ed opinion against the need and
desirability of a new couri
house, nor against the necessity
of a special tax to erect suc
needed structure. The opposi
tion was to a tax on the count2
to build a court house at Man
A new court house at Man
ning would not primarily noa
principally benefit the town o:
Manning, if the objection i.
founded on that narrow view.
The proposed new court hous'
would be for the use and benefi1
of Clarendon county, which is
corporate entity, and such
building would necessarily be
erected at the county seat. Man
ning is the county seat for ade
quate geographical reasons and
not from favoritism in any sense
We all recognize and admire th<
energy, enterprise and loca:
pride of the people of Summer
ton, and we are proud that the:
are a constituent part of Clar
endo'n county-in fact it is
matter of rejoicing that thi:
relationship is inalienable. We
trust that our good friends it
Sum merton, none of them, wil
lose sight of the moral of Esop's
fama1liar fable about "The Bell:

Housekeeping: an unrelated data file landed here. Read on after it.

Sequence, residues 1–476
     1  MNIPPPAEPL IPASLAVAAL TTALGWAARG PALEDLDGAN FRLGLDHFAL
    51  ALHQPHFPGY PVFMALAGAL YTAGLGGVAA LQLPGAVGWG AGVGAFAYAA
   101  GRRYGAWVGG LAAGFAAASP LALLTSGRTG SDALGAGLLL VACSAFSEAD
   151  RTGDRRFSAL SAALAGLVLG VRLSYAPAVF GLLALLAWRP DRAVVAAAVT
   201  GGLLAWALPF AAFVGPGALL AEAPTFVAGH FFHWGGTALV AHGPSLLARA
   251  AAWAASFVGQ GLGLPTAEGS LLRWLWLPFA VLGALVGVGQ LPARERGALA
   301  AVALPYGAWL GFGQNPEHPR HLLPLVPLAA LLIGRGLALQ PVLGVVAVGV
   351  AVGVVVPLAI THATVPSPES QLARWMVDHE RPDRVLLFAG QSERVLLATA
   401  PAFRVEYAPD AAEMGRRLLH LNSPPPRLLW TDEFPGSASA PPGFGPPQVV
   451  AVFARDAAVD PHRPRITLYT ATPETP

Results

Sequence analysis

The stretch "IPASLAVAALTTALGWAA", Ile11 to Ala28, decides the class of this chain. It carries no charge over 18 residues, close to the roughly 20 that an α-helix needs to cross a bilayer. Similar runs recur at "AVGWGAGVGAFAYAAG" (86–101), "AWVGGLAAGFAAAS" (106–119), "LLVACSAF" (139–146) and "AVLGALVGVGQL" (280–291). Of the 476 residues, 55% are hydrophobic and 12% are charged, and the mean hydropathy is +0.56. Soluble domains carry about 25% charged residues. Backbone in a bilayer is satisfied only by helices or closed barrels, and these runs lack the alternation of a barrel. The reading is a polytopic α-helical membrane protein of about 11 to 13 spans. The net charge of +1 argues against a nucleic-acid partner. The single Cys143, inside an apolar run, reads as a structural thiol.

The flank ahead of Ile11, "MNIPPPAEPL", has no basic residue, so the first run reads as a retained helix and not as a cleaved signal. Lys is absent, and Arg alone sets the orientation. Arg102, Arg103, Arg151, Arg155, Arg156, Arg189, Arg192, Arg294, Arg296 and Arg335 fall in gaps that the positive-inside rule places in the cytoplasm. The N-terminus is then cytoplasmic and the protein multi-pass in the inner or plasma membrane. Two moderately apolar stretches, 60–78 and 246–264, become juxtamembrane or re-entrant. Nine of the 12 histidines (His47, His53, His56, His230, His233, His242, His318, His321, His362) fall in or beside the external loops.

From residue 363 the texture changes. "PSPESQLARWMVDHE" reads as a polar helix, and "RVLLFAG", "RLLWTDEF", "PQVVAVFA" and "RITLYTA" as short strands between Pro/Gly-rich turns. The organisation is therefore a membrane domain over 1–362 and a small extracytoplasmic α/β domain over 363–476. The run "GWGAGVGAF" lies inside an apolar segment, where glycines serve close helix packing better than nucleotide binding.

and the Members." It is no1
impc rtant in using this illustra
tion to give Summurton the
position of head, feet, hands o:
belly of Clarendon ,county--only
to hc ld that she is a part or par
cel of the county, and as suci
that she should recognize and
duly honor all other parts of the
Pos.sibly a better ill ustratioi
of the~ existing relations would
be te' use the words of the Apos
tie F:tul when he said: The body
is nc i one member, but many.
If tb ' foot shall say, Because]
am n.)t the eye, I am not of the
body; is it therefore not of the
body : If the whole body were
an e: C, where were the hearingi
If ithrere thehearing, where were
the . melling? * ** But now
are taiey many members, yet bui
one laody. And the eye cannot
say t'nto the hand, I have ne
need of thee; nor again the
hand to the feet, I have no need
of ycu. Even so we are all, Sum
merton, Salem, Santee, Man
ning and the Fork of Black~
River, all members of old Clar
endo; ; we each have need of all
the o hers, and we should all
pull together for the greatest
advai cement of our common
county. Lend a hand, Summer
One of the most notable occur